The Arleigh Burke class destroyer has three “flights” (variants), the latest being the third and most advanced. Advanced is a key word here, because the more advanced a ship is, the more electricity it needs in order to power next-generation sensors and weapons. The question on the minds of those in the know has been, what will power these new ships? Continue reading
In the power generation game, gas turbines have long cemented their position. What is the norm now and what might lie in the future?
Gas turbines can be used in two ways for power generation. Depending on the requirements of a specific installation, a simple-cycle or combined-cycle design is preferred. Cogeneration and trigeneration setups are also possible with these machines. Continue reading
by Edward Nebinger, Forecast International.
For the past month, Wall Street analysts have been having a feeding frenzy over General Electric, driving the price lower and lower until it reaches the point where they can jump back in. It’s like a self-fulfilling prophesy – every day they find some new fault to gripe about, set lower target prices, announce them to the world, and, amazingly, the price goes down! Actually, it’s wearing a little thin and the price seems to be sticking at around 18 bucks a share. Continue reading
The T-X competition is receiving a lot of attention in the aviation world. Such a lucrative contract—350 aircraft and further orders likely—promises a heated contest, with the triumphs and upsets a competition of this scale brings. The contending entrants are impressive and include both clean-sheet and current production models. While the designers – Boeing/Saab, Lockheed Martin/KAI, Leonardo, Sierra Nevada/TAI, and Stavatti – prepare for the impending battle, it’s worth a look at the engines that will power the aircraft. Continue reading
Automotive manufacturers have a long history of dabbling in aviation, and vice versa. The Ford Trimotor quickly jumps to mind; however, it is a new business jet entry to the market that is making headlines. The HondaJet, a unique design in the aviation world, has recently entered production. The aircraft and the engines that power it are forecast to do well in the light business jet market.
The startling thing about the marine gas turbine market is that only three companies maintain a significant market presence. Since gas turbines came to dominate the warship propulsion sector in the 1980s, the major players have absorbed the minor ones, resulting in the present level of market centralization.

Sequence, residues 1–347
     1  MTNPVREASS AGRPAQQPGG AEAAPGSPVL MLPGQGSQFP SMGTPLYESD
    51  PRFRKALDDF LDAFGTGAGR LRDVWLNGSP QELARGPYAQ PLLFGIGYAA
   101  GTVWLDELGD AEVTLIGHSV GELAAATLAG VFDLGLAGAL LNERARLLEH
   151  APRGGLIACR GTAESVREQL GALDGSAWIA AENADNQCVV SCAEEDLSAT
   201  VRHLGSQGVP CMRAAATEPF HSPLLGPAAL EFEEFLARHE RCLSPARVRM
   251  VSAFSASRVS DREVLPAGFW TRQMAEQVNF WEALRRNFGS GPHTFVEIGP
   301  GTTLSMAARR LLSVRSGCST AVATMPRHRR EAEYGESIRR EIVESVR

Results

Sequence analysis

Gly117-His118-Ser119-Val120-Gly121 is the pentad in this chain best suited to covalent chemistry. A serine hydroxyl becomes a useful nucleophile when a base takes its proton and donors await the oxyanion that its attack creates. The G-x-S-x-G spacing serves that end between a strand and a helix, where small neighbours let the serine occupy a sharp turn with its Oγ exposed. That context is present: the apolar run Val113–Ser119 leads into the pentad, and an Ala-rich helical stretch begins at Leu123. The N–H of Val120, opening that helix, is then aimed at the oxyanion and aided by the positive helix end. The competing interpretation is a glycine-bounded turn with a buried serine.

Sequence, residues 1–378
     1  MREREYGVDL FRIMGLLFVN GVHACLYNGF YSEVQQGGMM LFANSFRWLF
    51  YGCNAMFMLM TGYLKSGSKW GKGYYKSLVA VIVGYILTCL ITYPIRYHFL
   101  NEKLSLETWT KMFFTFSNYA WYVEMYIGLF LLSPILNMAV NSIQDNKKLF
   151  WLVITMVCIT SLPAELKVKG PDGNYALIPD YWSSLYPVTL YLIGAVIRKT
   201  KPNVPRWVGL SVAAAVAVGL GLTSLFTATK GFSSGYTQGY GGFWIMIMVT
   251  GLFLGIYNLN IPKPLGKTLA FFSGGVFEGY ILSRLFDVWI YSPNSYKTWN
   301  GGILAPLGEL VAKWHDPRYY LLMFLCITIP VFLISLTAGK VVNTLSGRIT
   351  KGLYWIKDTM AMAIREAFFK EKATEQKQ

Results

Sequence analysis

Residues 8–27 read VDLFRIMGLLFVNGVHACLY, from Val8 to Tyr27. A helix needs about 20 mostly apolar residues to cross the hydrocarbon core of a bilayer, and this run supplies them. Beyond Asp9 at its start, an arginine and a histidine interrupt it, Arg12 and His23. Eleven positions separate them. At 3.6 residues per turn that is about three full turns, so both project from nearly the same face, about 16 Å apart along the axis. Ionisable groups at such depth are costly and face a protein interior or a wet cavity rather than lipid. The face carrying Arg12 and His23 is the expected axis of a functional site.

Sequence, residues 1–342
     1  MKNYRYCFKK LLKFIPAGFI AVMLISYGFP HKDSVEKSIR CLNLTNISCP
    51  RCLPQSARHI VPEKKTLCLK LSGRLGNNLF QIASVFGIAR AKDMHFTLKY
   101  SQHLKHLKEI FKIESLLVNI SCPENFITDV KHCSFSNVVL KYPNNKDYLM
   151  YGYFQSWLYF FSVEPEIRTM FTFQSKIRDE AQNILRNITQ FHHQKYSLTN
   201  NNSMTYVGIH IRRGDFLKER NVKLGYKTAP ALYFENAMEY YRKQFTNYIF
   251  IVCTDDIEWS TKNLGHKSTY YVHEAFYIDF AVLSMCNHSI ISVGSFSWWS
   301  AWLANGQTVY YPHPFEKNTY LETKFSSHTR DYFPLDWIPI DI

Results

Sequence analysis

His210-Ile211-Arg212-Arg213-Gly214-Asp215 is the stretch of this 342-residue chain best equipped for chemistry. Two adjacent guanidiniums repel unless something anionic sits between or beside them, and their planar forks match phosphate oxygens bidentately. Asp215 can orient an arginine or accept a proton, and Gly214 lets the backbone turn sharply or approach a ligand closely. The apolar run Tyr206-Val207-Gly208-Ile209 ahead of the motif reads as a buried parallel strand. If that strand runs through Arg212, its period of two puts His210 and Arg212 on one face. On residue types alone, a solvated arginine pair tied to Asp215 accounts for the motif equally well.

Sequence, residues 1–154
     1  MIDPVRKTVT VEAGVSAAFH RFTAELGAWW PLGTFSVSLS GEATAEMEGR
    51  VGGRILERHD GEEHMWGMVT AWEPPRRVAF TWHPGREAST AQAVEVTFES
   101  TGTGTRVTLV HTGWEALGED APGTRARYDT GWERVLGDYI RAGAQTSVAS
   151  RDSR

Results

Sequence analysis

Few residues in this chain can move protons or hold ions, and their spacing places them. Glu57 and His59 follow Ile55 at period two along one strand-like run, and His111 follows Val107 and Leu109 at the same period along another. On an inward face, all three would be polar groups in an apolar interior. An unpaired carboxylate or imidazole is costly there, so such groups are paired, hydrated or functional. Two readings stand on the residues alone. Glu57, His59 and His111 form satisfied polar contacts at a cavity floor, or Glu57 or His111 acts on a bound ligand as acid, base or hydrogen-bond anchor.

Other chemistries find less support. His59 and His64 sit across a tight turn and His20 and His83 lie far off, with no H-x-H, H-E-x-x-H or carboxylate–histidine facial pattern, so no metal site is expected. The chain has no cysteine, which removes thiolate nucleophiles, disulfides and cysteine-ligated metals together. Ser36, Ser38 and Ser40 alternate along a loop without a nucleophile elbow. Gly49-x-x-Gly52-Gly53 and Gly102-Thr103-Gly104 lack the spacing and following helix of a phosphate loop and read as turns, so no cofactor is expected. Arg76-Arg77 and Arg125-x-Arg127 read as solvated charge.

The key players in the marine gas turbine market are GE, Rolls-Royce, and Zorya-Mashproekt. GE is the undoubted leader with nearly half the market. It owes this position to its virtual monopoly of the U.S. Navy market during the 1980s and 1990s. Until very recently, every U.S. Navy surface combatant was powered by GE LM2500 gas turbines. This monopoly position is now being challenged by Rolls-Royce, currently the second supplier in terms of market share but whose MT30 Marine Trent gas turbine is winning growing acceptance. The MT30 was selected for the DDG-1000 missile destroyer and the LCS-1 Littoral Combat Ship, and there are rumors that future groups of the DDG-51 destroyer might use the MT30 as well. Meanwhile, the follow-on to the LCAC, the Ship-to-Shore Connector, will use Rolls-Royce MT7 gas turbines. The battle between GE and Rolls-Royce will be profoundly important to the entire naval shipbuilding industry.
The third participant, Zorya-Mashproekt, offers a range of gas turbines derived from those used to power Soviet warships during the Cold War. The political problems in Ukraine mean that most Zorya sales are currently achieved by way of licensed producers in China and India. Once these problems are resolved, Zorya is likely to regain its full market impact.
This market assessment of the marine gas turbine sector is based on the Forecast International Industrial and Marine Gas Turbine Database, a comprehensive listing of more than 41,150 gas turbine installations, of which 3,916 (9.51 percent) are marine gas turbines used for propulsion and 933 (2.27 percent) are gas turbines used for onboard power generation. The Industrial and Marine Gas Turbine Database is a unique reference source that contains details of every propulsion gas turbine that has ever been installed in a warship.
For the full report, click here.
Please feel free to use this content with Forecast International and analyst attributions, along with a link to the article. Contact Ray Peterson at +1 (203) 426-0800 or via email at email@example.com for additional analysis.
With over 70 engine program reports – from 1,200 kW to over 300 MW, Forecast International’s Industrial & Marine Turbine Forecast provides the tools required to make informed strategic decisions in an expanding marketplace. This service features five Market Segment Analyses covering Microturbines, Mechanical Drive Engines, Electrical Power Generation, Marine Power, and Steam Turbines for Combined-Cycle Installation. Included among the eight appendices are a breakout of consolidated production statistics and a directory of Industrial & Marine manufacturers and packagers.
As production of the Boeing F-18E/F Super Hornet winds down in the coming years, one would assume production of its F404/414 engine would fall off as well; however, this is not the case, as Saab has recently reminded us. The future will indeed be bright, as the new Gripen E derives its impressive performance from the latest GE powerplants. The GE F404/414 engine equips not only the Gripen but other international aircraft as well, including the KAI T-50 and HAL Tejas LCA. Although it has been used primarily on the U.S. Navy’s F-18, it is these other aircraft that will keep the production lines running. Indeed, Forecast International expects some 450 GE F404/414 engines worth about $2.2 billion to be produced over the next 10 years. Continue reading